Date of Award


Document Type

Open Access Master's Thesis

Degree Name

Master of Science in Applied Cognitive Science and Human Factors (MS)

Administrative Home Department

Department of Cognitive and Learning Sciences

Advisor 1

Susan Amato-Henderson

Committee Member 1

Kelly Steelman

Committee Member 2

Michele Miller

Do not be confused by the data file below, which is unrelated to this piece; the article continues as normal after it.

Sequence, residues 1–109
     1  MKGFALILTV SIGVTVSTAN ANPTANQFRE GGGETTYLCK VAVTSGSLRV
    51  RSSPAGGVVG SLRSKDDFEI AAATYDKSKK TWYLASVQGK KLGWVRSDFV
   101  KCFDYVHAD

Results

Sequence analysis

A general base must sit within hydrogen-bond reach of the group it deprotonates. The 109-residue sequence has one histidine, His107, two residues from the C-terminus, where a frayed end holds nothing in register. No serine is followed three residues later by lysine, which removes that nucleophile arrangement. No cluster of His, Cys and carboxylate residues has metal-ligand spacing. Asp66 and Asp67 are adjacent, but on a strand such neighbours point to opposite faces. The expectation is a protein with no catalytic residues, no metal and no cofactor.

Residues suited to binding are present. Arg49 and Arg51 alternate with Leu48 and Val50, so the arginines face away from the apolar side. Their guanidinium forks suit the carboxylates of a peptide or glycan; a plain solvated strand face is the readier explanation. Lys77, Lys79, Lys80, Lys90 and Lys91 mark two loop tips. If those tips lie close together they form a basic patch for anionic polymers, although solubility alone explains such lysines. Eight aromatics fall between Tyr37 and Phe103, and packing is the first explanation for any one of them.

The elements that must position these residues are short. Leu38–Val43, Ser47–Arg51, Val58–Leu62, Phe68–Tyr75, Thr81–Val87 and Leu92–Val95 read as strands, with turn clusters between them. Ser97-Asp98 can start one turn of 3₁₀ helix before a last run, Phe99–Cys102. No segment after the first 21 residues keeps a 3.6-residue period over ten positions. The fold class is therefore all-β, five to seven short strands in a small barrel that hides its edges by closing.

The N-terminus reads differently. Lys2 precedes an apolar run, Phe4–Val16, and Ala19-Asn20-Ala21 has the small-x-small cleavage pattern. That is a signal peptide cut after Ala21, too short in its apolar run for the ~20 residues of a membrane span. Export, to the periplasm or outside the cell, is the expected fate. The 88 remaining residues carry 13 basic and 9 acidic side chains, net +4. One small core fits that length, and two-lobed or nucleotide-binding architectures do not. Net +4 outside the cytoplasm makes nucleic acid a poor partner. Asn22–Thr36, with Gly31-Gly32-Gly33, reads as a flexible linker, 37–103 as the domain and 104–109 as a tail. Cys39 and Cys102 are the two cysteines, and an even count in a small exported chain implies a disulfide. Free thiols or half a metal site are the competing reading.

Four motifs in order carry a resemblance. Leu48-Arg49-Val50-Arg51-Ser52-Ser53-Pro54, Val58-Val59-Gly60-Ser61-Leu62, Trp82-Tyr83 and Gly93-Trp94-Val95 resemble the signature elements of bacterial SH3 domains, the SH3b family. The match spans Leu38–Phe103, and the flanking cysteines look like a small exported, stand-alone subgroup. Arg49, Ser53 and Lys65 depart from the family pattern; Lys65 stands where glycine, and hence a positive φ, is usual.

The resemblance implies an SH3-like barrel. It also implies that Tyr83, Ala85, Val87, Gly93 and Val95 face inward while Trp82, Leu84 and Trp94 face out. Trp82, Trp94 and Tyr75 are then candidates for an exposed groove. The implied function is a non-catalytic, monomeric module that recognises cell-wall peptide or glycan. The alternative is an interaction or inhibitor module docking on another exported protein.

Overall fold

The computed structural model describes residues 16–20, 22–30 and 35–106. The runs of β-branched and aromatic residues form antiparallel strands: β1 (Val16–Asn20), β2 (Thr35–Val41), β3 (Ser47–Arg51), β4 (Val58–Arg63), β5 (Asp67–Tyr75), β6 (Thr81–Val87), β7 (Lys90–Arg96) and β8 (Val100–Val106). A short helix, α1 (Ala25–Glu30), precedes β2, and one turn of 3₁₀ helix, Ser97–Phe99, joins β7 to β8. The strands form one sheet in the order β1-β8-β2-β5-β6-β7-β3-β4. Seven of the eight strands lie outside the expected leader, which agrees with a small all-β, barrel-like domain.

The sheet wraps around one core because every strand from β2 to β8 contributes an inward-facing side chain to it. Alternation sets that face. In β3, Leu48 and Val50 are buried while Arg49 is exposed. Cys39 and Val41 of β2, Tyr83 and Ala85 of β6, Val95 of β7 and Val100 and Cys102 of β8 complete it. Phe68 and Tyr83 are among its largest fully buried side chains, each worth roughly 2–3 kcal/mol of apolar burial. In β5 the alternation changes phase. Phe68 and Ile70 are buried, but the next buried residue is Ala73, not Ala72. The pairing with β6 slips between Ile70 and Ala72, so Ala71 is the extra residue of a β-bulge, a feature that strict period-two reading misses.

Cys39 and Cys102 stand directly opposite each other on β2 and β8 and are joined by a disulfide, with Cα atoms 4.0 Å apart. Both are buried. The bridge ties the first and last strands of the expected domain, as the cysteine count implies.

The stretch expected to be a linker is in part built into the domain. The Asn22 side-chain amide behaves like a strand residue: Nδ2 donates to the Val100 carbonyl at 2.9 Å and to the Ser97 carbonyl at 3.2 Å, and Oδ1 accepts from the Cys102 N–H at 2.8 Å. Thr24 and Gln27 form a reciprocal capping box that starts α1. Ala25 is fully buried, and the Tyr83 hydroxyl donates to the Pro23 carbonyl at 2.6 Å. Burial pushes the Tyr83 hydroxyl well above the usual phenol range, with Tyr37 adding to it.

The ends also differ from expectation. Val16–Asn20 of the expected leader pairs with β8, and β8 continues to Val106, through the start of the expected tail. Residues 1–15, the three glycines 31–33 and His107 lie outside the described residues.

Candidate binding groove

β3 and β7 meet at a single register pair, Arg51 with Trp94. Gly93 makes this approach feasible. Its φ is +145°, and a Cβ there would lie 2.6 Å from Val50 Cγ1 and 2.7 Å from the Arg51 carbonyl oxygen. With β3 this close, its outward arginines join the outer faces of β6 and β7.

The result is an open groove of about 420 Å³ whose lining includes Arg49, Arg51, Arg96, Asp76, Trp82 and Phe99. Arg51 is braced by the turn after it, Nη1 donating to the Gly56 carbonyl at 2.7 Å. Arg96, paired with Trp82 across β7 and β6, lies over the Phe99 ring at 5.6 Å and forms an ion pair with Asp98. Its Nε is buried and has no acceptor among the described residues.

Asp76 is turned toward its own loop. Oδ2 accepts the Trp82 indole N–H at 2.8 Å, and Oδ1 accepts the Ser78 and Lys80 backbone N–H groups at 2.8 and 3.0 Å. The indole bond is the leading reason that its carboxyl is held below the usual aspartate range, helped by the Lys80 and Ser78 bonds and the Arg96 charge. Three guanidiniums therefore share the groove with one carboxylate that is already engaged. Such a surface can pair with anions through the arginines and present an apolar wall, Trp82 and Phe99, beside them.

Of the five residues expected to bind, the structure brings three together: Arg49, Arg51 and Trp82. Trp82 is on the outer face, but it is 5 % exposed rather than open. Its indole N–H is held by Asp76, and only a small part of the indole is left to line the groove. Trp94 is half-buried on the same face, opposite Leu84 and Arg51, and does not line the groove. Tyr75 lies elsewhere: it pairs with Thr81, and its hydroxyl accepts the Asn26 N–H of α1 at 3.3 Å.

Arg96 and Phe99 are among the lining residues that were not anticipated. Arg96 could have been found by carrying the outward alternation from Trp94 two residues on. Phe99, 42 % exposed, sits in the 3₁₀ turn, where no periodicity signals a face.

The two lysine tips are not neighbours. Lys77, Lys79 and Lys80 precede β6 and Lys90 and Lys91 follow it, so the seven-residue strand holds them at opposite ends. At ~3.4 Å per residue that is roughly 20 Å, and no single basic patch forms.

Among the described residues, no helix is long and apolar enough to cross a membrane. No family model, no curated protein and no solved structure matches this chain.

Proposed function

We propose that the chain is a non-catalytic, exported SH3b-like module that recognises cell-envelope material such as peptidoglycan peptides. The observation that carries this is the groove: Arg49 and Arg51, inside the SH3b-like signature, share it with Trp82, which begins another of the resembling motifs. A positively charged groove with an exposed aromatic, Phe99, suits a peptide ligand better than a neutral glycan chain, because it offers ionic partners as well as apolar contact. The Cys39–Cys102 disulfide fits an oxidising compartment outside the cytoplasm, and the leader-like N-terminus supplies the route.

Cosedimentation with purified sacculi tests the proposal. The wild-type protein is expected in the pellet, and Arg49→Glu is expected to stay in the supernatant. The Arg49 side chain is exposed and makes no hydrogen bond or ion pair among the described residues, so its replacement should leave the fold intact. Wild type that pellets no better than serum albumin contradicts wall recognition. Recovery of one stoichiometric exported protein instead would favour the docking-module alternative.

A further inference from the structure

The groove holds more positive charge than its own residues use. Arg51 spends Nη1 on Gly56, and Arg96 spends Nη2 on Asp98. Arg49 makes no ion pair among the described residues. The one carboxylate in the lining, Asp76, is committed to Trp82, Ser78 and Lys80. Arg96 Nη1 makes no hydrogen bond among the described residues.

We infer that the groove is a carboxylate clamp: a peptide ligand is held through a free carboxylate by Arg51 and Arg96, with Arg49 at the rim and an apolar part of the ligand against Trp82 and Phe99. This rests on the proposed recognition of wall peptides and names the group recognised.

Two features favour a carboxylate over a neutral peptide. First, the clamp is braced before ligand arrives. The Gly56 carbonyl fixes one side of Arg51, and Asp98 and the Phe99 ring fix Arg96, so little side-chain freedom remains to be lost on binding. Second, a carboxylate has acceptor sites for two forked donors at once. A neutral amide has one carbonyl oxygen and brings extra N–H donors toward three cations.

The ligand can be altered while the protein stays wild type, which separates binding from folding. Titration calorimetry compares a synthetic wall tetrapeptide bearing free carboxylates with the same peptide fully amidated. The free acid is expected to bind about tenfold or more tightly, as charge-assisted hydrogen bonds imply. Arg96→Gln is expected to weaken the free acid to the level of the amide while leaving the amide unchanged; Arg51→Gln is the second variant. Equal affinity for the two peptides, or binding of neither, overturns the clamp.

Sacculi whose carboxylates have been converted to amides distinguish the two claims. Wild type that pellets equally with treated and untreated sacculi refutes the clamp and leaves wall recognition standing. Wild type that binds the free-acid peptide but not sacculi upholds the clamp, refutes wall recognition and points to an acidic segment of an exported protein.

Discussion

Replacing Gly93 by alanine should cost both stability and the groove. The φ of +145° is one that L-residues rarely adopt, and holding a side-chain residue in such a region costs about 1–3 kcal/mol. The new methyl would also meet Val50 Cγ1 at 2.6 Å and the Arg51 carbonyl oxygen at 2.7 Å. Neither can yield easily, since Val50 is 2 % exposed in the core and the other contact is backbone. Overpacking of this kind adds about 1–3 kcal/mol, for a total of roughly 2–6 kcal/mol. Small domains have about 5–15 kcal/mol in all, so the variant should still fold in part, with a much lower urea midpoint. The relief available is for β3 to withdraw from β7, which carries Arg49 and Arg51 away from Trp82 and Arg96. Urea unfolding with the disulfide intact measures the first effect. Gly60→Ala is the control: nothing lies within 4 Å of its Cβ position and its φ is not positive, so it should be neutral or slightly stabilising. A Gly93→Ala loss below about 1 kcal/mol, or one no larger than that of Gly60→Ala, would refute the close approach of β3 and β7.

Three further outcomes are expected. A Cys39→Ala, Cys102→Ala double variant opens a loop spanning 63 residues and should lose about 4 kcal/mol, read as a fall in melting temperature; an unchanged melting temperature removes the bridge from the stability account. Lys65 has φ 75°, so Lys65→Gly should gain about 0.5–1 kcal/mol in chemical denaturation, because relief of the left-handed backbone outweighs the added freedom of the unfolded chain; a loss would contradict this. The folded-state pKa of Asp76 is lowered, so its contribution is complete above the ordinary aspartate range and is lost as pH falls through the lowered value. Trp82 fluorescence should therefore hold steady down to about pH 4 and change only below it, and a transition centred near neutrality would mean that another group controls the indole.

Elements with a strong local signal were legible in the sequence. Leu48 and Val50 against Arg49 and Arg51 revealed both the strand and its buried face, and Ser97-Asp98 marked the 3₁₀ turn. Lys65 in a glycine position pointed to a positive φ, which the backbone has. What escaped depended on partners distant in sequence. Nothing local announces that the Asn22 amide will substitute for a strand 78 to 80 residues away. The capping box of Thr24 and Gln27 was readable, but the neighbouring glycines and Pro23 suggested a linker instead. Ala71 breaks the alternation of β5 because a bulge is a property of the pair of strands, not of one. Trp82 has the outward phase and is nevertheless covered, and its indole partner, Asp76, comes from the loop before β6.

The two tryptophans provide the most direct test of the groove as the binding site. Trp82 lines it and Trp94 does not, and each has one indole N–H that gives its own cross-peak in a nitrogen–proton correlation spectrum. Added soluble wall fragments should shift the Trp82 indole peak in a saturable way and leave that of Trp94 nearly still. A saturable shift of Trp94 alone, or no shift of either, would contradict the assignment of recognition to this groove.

This research addressed the effect of retirement plan task complexity on retirement plan earnings estimates. Past research has shown that increased task complexity results in more decision-making errors as well increased use of heuristics, or rules of thumb, which can result in non-optimal outcomes such as under-saving or disproportionate equity/income balances (Benartzi & Thaler, 2001, 2007; Maynard & Hakel, 1997). This research used two experiments to test whether individuals would judge a retirement investment plan with high task complexity to be more profitable than a plan with low task complexity - a non-normative and potentially costly bias. Experiment 1 used retirement plans based on theoretical models while Experiment 2 used materials that were ecologically representative. In both studies participants judged a retirement plan with high task complexity to be more likely to return higher earnings than a retirement plan with low task complexity; this finding was unaffected by financial literacy and numeracy, which were expected to have a de-biasing effect. Subjective task complexity was found to be a significant predictor of earnings estimates, independent from estimates of plan risk and stability. These findings have practical and theoretical implications. Individual investors may be susceptible to the high task complexity of retirement investment plans which could lead to paying more fees. Benefits administrators can use this information to design and present retirement investment plan options in a way that potentially can mediate this bias for complexity.